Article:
“Hope” is a secular form of prayer and while prayer has a purpose and function, so do political, economic, and ecological facts. Those more mundane realities require “awakening” to as well, as we seem to be discovering a bit too late though I certainly hope I’m wrong about that.



#30 elfstone

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Posted 20 September 2020 - 03:39 PM

I agree with TVCasualty that It does look extremely bleak. It is anyone’s guess how soon the major tipping point will arrive, but for the West coast, it has already happened. Signs are here in the Midwest as well. I remember driving 125 miles to visit my parents as a twenty-something in the 1970s and having to stop at the gas station halfway there to clean the bugs off of the windshield. Now, I can drive there and back and not a single bug. When walking on state land we used to have to put on hats, mosquito netting and liberally spray on insect repellent in order to look for morel mushrooms without being eaten alive by the insects. Now, there are virtually no bugs to speak of. As a boy, a loud chorus of frogs and bullfrogs would sing us to sleep throughout the spring and summer months. Now, not one croak can be heard. The situation has grown dire.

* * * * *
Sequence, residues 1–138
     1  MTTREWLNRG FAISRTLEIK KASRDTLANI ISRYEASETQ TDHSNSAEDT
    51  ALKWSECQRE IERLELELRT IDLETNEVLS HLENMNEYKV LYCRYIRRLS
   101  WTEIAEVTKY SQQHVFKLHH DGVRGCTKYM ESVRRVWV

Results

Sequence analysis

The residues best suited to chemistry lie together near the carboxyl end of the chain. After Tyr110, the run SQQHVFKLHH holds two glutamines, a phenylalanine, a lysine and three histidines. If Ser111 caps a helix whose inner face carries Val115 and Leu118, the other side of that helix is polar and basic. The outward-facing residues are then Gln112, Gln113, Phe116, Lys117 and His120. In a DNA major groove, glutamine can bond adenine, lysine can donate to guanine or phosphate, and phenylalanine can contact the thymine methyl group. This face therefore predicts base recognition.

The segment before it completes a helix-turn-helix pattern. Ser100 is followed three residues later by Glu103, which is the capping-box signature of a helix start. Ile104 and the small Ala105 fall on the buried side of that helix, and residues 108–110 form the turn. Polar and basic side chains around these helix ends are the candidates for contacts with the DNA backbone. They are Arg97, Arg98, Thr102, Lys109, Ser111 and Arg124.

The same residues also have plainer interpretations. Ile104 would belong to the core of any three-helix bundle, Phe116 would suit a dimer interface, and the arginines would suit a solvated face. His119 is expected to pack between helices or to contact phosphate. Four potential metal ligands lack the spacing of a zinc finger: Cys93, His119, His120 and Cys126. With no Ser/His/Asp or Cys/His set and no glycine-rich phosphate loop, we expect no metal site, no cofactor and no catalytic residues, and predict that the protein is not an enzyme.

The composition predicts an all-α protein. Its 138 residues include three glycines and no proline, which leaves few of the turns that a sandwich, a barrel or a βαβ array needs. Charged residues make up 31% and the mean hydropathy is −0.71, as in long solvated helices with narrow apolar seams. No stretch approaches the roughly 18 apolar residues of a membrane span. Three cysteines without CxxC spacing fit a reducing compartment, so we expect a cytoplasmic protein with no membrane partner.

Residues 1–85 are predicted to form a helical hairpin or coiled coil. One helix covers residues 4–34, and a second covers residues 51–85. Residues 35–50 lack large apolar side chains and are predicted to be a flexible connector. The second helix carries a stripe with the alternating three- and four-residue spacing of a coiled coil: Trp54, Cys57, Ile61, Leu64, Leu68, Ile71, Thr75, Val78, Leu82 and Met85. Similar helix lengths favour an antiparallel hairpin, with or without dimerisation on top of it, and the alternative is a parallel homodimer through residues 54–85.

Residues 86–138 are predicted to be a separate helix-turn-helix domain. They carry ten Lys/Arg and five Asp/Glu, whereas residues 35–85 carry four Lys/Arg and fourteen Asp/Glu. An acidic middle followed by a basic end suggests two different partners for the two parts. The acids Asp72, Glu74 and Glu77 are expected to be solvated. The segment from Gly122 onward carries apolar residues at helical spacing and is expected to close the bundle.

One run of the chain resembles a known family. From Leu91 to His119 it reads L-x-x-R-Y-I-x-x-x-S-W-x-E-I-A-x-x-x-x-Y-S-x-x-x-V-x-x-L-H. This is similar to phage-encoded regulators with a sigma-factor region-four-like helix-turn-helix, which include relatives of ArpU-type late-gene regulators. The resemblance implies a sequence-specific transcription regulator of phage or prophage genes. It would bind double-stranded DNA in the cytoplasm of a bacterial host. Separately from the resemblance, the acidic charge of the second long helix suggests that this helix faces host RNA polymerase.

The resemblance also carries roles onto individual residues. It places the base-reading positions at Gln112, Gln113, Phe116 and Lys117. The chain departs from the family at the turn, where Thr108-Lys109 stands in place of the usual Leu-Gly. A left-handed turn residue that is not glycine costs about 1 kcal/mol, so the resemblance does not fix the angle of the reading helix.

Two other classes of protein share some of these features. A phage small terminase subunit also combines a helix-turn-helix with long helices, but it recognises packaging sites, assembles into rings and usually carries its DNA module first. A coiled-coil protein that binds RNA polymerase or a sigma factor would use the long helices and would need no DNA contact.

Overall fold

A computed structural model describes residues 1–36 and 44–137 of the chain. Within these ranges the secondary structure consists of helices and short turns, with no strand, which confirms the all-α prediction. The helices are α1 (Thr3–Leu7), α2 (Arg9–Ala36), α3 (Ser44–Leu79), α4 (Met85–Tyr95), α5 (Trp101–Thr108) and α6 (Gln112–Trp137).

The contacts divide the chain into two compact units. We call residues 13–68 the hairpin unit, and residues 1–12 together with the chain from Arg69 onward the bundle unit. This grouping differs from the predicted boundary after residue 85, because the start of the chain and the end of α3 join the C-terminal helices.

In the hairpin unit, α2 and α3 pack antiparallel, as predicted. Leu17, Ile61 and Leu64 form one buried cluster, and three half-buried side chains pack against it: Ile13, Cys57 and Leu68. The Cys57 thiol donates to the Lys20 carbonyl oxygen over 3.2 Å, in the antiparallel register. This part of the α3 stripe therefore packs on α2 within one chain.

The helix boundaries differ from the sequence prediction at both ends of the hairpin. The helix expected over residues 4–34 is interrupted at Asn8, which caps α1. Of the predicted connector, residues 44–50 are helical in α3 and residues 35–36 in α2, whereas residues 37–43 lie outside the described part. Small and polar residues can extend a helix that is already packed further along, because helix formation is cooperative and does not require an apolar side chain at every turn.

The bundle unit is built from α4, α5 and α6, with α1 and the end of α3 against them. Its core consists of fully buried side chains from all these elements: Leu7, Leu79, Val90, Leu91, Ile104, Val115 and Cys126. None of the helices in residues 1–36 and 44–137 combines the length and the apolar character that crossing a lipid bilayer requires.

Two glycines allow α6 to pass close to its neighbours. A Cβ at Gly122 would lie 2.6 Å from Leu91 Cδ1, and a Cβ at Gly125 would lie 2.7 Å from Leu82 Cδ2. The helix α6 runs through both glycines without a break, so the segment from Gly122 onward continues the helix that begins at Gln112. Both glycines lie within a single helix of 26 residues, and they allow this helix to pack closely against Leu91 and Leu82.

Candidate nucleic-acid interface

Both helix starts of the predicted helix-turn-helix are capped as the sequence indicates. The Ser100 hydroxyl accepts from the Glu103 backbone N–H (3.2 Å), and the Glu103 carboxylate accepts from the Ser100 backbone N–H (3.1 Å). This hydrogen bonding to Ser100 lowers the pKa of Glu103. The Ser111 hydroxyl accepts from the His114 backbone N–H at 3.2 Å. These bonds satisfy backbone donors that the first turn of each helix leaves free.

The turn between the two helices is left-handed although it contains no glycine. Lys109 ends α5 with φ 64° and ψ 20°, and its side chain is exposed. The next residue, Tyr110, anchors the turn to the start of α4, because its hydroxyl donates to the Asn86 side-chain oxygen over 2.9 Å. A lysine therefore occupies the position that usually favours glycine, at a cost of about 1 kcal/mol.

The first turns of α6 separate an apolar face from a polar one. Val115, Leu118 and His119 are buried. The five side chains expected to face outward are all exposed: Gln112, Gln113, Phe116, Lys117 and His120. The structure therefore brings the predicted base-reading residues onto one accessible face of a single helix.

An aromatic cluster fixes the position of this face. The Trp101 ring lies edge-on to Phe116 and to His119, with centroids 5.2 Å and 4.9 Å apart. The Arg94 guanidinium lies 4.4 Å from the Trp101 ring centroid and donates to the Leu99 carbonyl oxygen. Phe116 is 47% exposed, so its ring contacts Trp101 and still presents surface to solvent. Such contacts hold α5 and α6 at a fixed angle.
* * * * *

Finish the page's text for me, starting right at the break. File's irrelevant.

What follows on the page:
Given that, I cannot give up and just retreat into some kind of “spiritual” path that neglects its responsibility to humanity and our descendants. At this point, spirituality IS activism. It is good to learn from those who have gone before us, MLK, etc. and use nonviolent resistance. It also helps to stop supporting these monster corporations that put greed above all else. I remain hopeful that it is not entirely too late. Even if it is, as Chris Hedges says, we must act because it is the right thing to do.